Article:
Since 1994, the Zapatista political autonomy project has been claiming that “another world is possible”. This experience has influenced many intellectuals of contemporary radical social movements who see in the indigenous organization a new political alter-native. I will first explore some of the current theories on Zapatism and the crossing of some of authors into anarchist thought. The second part of the article draws on an ethnography conducted in the municipality of Chenalhó, in the highlands of Chiapas, to emphasize some of the everyday practices inside the self-proclaimed “autonomous municipality” of Polhó. As opposed to irenic theories on Zapatism, this article describes a peculiar process of autonomy and brings out some contradictions between the political discourse and the day-to-day practices of the autonomous power, focusing on three specific points linked to economic and political constraints in a context of political violence: the economic dependency on humanitarian aid and the “bureaucratic habitus”; the new “autonomous” leadership it involved, between “good government” and “good management”; and the internal divisions due to the return of some displaced members and the exit of international aid.
Views from its day-to-day praxis
Mid-nineteenth-century Russian ethnography used fiction, artistry and education to enlighten the masses. Maksimov’s One Year in the North became one of the first examples of this new style of ethnography. Maksimov constructs ‘cultural masks’ regarding northern people (Samoyeds, Lapps, Karels, Zyrians). His impressions are developed out of long traditions and personal characterisations, such as: ‘little brothers’, blacksmiths, tricksters, ‘friends of deer and dogs’. The most interesting positions on his ‘evolutionary ladder’ are the first and the last, which belong to the Samoyeds and the Zyrians. Samoyeds find themselves partly outside the human space, but they are most diverse in the aspect of artistry. Zyrians, on the other hand, constitute a concern to their well-being. Maksimov’s biases are typical for this period of ethnographic development. Although Maksimov appreciates the spoken word, his colonial discourse replaced it by repulsion for Finno- Ugric languages. Artistry in the text of ‘ethnographic fiction’ enriches scientific discourse.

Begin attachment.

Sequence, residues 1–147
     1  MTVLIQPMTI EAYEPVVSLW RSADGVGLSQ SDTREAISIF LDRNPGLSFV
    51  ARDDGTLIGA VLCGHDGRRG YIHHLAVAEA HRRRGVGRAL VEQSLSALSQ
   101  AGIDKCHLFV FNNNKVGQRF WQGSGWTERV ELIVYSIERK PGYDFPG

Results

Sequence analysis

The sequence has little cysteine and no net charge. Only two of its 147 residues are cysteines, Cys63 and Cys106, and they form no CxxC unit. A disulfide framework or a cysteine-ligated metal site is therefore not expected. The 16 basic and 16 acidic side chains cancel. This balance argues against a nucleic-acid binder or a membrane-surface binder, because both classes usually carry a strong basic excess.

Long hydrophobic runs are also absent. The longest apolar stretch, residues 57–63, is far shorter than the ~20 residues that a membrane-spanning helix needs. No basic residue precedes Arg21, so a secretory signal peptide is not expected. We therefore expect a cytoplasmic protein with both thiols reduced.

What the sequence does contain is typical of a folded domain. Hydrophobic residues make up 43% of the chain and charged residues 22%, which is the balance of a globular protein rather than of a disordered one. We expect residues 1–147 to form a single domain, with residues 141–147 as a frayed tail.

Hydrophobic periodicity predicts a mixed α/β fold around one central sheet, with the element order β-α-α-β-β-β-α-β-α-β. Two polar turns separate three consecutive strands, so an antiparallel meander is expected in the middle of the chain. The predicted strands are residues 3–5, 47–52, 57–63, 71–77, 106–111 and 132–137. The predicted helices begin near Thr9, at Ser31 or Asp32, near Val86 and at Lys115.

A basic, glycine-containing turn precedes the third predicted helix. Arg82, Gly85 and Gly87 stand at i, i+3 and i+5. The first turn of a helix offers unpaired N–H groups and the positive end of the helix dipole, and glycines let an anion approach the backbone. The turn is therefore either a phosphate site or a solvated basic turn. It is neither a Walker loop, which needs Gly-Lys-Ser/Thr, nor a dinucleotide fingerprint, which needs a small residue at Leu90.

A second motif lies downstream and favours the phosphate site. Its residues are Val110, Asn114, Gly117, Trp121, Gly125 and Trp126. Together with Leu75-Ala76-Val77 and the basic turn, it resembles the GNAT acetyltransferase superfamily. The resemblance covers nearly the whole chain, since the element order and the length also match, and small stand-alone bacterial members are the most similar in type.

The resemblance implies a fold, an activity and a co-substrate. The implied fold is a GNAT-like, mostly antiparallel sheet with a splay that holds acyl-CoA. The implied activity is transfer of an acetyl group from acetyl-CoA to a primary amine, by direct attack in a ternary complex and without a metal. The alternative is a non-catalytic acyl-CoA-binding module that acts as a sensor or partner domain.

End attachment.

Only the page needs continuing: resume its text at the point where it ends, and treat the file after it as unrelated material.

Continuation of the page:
Cutting and Connecting—'Afrinesian' Perspectives on Networks, Relationality, and Exchange
Knut Christian Myhre
This introduction sketches the history of anthropological network analysis and examines its influence and significance with regard to contemporary conceptual and theoretical concerns in the discipline. It is argued that recent Melanesian ethnography is an effect of, and owes a debt to, certain mid-twentieth-century developments in Africanist anthropology. These debts allow for the elicitation of concepts and concerns from Melanesianist anthropology and their deployment in the analysis of African ethnography. Such deployment may in turn explore the limits of these conceptual constructs and allow for their return in distorted and extended forms. As demonstrated by the contributors to this special issue, the historical relationships between Melanesian ethnography and Africanist anthropology hence enable an exchange of theoretical gifts and traffic in analytics that cut the network and separate the two regions, thus allowing for a new form of anthropological comparison.